I've had some friends and church folks weighing in on the importance of advocating for CBS to air the Tim Tebow prolife ad during the Super Bowl. From what I understand, Tim Tebow's mother was advised to have an abortion, which would've left the world without one of the most well known, well liked college football players is NCAA history.
I wonder if this is worth it.
I get that the message is a vitally important one. I get that having it aired with such a captive audience who is guaranteed to stay tuned for the commercials is a great chance to make a statement.
I am a big fan of Tim Tebow the man (not really the football player). He is a man who has integrity, faith in Christ and his actions align with his message, which is refreshing in an era when so many talk the talk and avoid the walk.
But here's where I am struggling and I hope Christ-followers can think on this as well: We can't legislate Christianity. Moreover...we shouldn't want to legislate Christianity. It takes us to a dangerous places that isn't what Jesus had in mind when he spoke of Kingdom. I'm not downplaying the injustice of killing unborn children, but I think the best way to move away from that in culture is to bring the message of redemption and hope to the culture.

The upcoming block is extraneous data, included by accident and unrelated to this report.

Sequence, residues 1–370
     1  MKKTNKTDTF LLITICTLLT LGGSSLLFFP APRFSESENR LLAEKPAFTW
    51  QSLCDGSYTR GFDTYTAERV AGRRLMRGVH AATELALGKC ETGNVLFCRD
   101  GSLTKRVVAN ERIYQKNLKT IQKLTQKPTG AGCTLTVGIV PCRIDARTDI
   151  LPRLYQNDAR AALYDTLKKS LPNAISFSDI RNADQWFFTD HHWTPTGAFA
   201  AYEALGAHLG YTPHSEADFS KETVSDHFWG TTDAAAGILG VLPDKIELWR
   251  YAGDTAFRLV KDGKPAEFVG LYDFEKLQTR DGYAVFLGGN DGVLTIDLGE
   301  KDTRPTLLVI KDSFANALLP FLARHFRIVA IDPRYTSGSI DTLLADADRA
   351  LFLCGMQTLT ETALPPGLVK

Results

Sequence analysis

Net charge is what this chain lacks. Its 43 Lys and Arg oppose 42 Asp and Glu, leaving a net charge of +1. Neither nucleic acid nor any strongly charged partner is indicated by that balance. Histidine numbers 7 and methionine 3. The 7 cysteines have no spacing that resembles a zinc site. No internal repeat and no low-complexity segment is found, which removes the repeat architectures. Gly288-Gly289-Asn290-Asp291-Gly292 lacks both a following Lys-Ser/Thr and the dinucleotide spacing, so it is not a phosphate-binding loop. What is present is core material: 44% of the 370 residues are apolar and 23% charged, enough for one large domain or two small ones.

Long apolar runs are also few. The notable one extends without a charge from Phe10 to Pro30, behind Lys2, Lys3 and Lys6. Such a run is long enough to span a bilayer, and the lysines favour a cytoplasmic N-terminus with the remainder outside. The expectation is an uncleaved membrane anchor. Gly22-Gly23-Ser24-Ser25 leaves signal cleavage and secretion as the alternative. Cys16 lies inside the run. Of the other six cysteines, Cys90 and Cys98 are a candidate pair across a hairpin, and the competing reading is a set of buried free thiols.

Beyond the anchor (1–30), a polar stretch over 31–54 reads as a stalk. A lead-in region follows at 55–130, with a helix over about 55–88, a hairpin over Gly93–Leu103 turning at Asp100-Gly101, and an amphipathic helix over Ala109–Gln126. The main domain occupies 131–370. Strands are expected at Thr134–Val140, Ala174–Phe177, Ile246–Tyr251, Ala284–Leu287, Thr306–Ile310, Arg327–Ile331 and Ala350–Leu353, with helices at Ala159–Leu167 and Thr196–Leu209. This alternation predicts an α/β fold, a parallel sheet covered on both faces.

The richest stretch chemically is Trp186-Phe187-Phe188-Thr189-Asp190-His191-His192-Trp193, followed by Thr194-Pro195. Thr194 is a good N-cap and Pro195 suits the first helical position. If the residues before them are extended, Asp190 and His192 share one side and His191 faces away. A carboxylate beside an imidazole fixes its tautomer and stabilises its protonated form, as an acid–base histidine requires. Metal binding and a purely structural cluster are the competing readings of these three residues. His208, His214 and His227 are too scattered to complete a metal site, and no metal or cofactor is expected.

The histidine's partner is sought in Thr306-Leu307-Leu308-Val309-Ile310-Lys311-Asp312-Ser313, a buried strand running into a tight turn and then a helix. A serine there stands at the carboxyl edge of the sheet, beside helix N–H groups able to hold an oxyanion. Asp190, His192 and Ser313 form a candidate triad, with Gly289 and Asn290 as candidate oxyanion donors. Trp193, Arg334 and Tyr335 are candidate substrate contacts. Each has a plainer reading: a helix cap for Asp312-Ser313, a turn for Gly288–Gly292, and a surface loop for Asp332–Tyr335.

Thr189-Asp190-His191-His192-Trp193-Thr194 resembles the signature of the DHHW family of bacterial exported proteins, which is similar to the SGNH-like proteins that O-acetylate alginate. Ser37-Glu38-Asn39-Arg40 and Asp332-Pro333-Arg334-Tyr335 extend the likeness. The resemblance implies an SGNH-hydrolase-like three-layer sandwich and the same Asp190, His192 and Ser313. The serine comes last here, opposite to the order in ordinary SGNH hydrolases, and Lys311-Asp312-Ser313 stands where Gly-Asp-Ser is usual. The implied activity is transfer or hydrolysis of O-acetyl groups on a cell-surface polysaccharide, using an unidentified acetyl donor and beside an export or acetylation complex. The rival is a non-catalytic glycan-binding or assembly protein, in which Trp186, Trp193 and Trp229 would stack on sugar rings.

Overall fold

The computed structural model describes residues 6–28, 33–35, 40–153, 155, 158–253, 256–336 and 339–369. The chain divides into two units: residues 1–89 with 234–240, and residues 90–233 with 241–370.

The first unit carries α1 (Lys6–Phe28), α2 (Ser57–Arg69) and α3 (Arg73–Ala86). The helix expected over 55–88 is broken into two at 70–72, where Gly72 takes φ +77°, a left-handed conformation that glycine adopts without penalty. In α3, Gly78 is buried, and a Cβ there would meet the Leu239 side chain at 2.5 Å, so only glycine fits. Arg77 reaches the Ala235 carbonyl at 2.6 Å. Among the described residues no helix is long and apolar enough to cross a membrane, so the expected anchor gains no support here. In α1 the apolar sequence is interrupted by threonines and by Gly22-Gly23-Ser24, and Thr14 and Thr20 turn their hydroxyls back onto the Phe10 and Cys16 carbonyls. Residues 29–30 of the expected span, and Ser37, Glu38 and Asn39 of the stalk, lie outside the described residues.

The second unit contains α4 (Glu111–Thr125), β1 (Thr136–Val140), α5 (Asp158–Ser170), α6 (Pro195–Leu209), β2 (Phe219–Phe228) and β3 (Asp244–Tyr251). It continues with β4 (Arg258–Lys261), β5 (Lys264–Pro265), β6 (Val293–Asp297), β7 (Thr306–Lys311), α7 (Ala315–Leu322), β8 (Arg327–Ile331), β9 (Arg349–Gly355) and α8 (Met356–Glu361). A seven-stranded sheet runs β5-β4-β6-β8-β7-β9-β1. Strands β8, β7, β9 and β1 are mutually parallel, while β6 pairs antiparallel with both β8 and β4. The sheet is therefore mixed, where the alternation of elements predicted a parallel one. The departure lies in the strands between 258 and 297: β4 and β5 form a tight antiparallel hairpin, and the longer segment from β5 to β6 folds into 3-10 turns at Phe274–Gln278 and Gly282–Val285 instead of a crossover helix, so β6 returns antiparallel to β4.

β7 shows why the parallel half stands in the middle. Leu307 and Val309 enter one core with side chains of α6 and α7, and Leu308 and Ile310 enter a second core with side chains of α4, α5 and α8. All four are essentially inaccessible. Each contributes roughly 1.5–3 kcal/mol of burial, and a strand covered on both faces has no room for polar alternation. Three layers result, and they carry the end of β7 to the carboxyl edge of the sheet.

Jesus said, "Make a tree good and its fruit will be good or make a tree bad and its fruit will be bad for a tree is recognized by its fruit." What the Church has done has pointed at a bad tree and said, "stop bearing bad fruit". This does not work. It hasn't worked for the decades that abortion has permeated culture. It hasn't worked throughout history in any number of ways. The only way to see good fruit is to have the tree be good.
In Hebrew, there is a word called barah. It is used in Genesis 1:1 to say "In the beginning God barah-ed the heavens and the earth. All throughout the Hebrew Scriptures the word is used and it is only used with God as the barah-er. In Psalm 51, David's prayer "Create in me a new heart O God" uses barah.
So if you want someone's heart made new...if you want their tree to be good, it's God who must do the barah-ing, so we simply need to be attentive to where God is at work making good trees and join him in the process.
Love to hear your feedback on this. I know some of you are Catholics who are passionate about this issue, so keep the dialogue going.